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/F Fixes errors on the disk.
/R Locates bad sectors and recovers readable information (implies /F).

(from dir /?)

It just sounds like the same thing to me. I never know which one to use - is there even a difference? Or is it maybe for backwards compatibility with previous versions of Windows where there was a difference?

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Using "/F" only takes minutes and using "/R" takes hours ;) –  Robert Jul 29 '11 at 11:28

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up vote 17 down vote accepted

chkdsk /r does the same thing as chkdsk /f only it also checks for bad sectors on the disk and recovers any readable information. Running chkdsk /r implies that also chkdsk /f is run.

chkdsk /f only checks for disk errors, not bad sectors.

Microsoft has a detailed page for chkdsk. The following is a snippet explaining /f and /r parameters.

Fixing disk errors:

Chkdsk corrects disk errors only if you specify the /f command-line option. Chkdsk must be able to lock the drive to correct errors. Because repairs usually change a disk's file allocation table and sometimes cause a loss of data, chkdsk sends a confirmation message.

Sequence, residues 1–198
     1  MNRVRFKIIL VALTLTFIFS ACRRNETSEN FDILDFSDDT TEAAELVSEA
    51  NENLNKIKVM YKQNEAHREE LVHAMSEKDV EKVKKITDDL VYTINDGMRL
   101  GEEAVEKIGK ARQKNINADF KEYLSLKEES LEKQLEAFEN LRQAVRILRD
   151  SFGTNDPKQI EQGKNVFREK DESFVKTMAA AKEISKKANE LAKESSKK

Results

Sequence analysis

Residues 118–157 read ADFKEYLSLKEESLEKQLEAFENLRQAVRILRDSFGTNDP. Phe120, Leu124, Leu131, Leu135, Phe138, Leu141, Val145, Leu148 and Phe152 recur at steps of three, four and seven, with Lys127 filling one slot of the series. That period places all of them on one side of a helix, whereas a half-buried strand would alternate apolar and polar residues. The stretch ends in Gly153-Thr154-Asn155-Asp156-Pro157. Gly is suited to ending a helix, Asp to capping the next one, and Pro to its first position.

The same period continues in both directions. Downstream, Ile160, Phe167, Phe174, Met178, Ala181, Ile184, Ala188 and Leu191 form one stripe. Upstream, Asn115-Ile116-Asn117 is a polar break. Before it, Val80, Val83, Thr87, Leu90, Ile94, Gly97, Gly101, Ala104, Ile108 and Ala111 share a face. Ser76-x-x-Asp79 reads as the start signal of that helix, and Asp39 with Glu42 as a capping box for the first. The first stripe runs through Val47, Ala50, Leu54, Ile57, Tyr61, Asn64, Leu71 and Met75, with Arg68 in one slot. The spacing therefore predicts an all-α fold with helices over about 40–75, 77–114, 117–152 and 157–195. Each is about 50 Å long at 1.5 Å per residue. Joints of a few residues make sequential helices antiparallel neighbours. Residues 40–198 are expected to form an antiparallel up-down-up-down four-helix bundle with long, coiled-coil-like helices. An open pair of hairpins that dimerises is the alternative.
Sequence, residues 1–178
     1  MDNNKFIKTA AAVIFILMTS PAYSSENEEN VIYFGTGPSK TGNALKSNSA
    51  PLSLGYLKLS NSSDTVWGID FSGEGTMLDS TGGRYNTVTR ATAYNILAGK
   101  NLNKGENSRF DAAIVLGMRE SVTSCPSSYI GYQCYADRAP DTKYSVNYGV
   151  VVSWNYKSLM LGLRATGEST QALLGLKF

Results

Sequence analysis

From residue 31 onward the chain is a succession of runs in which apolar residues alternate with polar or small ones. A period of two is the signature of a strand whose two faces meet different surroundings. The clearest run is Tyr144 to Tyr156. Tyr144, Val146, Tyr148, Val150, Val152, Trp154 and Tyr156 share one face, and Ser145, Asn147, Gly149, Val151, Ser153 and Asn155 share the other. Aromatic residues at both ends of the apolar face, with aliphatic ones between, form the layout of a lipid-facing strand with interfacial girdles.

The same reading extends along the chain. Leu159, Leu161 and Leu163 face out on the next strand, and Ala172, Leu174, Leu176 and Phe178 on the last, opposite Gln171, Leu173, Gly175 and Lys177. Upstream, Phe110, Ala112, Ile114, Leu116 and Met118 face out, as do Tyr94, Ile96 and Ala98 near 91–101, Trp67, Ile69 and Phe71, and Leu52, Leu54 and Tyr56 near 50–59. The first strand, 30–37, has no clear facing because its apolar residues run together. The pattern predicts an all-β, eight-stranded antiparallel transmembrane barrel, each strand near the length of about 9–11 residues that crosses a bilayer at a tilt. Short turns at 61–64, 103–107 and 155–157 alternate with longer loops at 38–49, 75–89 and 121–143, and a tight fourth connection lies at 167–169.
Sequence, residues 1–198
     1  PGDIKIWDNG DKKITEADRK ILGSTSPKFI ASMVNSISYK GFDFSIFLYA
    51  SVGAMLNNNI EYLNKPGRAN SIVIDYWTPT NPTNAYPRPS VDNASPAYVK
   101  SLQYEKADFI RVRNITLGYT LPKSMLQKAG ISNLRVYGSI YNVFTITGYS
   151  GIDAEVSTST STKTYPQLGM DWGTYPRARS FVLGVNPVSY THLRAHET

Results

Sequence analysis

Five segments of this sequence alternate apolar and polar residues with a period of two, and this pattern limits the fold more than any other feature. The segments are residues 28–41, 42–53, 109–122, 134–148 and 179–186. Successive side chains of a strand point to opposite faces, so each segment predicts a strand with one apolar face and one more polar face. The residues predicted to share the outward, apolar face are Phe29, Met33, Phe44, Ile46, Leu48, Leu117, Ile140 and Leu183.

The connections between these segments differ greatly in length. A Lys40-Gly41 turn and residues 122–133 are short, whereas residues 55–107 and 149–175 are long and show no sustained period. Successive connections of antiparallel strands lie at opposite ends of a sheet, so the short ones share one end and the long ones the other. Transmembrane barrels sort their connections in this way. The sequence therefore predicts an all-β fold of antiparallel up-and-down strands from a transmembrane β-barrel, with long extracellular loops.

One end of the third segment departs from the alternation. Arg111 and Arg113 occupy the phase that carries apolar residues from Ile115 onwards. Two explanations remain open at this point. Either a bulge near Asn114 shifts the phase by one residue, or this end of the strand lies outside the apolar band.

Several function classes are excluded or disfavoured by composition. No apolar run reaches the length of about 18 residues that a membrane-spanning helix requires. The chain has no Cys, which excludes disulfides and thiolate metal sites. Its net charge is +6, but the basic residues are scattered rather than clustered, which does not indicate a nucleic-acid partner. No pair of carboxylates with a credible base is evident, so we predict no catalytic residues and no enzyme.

Finding physical disk errors:

Use the /r command-line option to find physical disk errors in the file system.

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I have to be honest, I really didn't know that. So /r does a "physical" check on top of what's normally checked by /f. Clear as day now, thanks. –  Kez Jul 28 '11 at 7:17
    
@kez: Exactly. You're welcome. –  Mehper C. Palavuzlar Jul 28 '11 at 7:20

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